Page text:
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Phys Biol. 2006 May 16;3(2):107-20.

Embryonic pattern scaling achieved by oppositely directed morphogen gradients.

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  • 1Department of Physics and Center for Theoretical Biological Physics, University of California, San Diego, La Jolla, CA 92093-0374, USA.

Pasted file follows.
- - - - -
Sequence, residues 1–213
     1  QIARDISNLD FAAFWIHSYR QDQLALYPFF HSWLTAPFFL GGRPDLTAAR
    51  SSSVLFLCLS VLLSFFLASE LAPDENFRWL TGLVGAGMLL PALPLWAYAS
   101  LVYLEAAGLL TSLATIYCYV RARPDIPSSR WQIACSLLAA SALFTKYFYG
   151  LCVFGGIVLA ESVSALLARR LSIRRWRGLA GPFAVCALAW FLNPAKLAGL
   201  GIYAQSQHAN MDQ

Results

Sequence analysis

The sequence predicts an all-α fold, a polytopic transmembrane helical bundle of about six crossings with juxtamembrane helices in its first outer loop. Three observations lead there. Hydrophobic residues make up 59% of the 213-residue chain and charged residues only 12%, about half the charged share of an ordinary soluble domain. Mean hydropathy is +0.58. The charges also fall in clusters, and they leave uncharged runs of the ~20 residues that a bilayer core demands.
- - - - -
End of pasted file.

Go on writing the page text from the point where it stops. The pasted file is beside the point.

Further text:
Morphogens are proteins, often produced in a localized region, whose concentrations spatially demarcate regions of differing gene expression in developing embryos. The boundaries of gene expression are typically sharp and the genes can be viewed as abruptly switching from on to off or vice versa upon crossing the boundary. To ensure the viability of the organism these boundaries must be set at certain fractional positions within the corresponding developing field. Remarkably this can be done with high precision despite the fact that the size of the developing field itself can vary widely from embryo to embryo. How this scaling is accomplished is unknown but it is clear that a single morphogen gradient is insufficient. Here we show how a pair of morphogens A and B, produced at opposite ends of a one-dimensional developing field, can solve the pattern-scaling problem. In the most promising scenario the morphogens interact via an effective annihilation reaction A + B --> slashed circle and the switch occurs according to the absolute concentration of A or B. We define a scaling criterion and show that morphogens coupled in this way can set embryonic markers across the entire developing field in proportion to the field size. This scaling occurs at developing-field sizes of a few times the morphogen decay length. The scaling criterion is not met if instead the gradients couple combinatorially such that downstream genes are regulated by the ratio A/B of the morphogen concentrations.

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